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Tools for Asynchronous Learning

This guide contains information for conducting class activities at a distance or online. It provides some information on platform privacy, and some sample assignments for last-minute transitions to distance learning.

Collaborative Annotation with Hypothesis


This could be helpful as a replacement for class discussion about any text-based media in HTML or PDF format online. Hypothesis allows users to create “groups” for annotation. Students would be able to view each other’s annotations and respond, which could be useful as a surrogate for class discussion of a text

Hypothesis Logo


To foster asynchronous communication about a text by annotating passages, replying to each other’s commentary, and providing overall “page notes” with tags. Annotation tools like hypothesis encourage students to engage more directly with the text by annotating specific passages, rather than creating de-contextualized discussion boards in Canvas.


  1. Group configuration and setup.
    1. Instructor should create an account at
    2. When logged in, click on the “Groups” menu link in the upper right-hand corner of your profile page. Select “create new group” at the end of the dropdown.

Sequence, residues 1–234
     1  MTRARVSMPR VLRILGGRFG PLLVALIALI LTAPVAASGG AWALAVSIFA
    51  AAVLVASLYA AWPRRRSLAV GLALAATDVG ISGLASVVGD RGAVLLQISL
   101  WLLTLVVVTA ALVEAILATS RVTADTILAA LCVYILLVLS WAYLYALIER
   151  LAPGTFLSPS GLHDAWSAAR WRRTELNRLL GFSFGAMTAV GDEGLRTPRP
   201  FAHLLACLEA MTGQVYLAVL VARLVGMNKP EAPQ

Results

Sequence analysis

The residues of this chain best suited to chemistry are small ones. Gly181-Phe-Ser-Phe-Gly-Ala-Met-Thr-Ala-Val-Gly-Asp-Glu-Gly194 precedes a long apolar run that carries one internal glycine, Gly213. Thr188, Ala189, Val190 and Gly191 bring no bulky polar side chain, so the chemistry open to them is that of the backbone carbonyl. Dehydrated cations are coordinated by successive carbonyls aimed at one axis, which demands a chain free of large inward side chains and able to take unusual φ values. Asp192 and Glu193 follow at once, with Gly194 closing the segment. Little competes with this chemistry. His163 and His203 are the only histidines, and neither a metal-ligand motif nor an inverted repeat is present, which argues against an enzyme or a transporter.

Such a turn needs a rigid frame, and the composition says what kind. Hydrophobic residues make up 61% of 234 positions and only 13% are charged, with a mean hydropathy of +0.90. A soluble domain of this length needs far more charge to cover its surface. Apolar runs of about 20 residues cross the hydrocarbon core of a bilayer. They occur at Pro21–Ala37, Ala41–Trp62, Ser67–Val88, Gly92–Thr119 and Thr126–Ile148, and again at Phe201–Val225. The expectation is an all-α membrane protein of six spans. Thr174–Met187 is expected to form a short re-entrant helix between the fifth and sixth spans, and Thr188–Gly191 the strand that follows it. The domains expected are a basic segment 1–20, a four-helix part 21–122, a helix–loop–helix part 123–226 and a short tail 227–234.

3. Name and provide a description for the group in the provided text entry boxes
    4. Copy the link under “Invite New Members” to share with your students
  2. Student access
    1. Have students create an account at
    2. For students using Google Chrome as their browser, have them install the Chrome extension:  
    3. For students using other browsers, have them bookmark the Bookmarklet Link found at
    4. Any time a student wants to annotate a page they should
      1. If using Chrome: Click on the Hypothesis icon in their plugins menu (upper right hand corner of the browser). This will bring up Hypothesis on the right side of the browser 
      2. If using another browser: click on the Hypothesis Bookmarklet, which will bring up Hypothesis on the right side of the browser.
    5. Ensure that students click on the dropdown that says “Public” and that they select the group associated with your class (they will only see this if they are logged in in the bookmarklet/plugin).
    6. Once the group is selected, students can highlight text and select the pencil icon, which will give them the ability to annotate the selected text. Students can also reply to each other’s annotations in the hypothesis sidebar

Notes on Hypothesis

  • Hypothesis is free and open source, which means that students do not need to pay to use it. 
  • Hypothesis allows users to create highlights that are only visible to them, for their personal use.
  • Hypothesis comments allow users to insert formulae using LaTeX, so it can be used in the context of STEM classes as a means of practicing this formatting language
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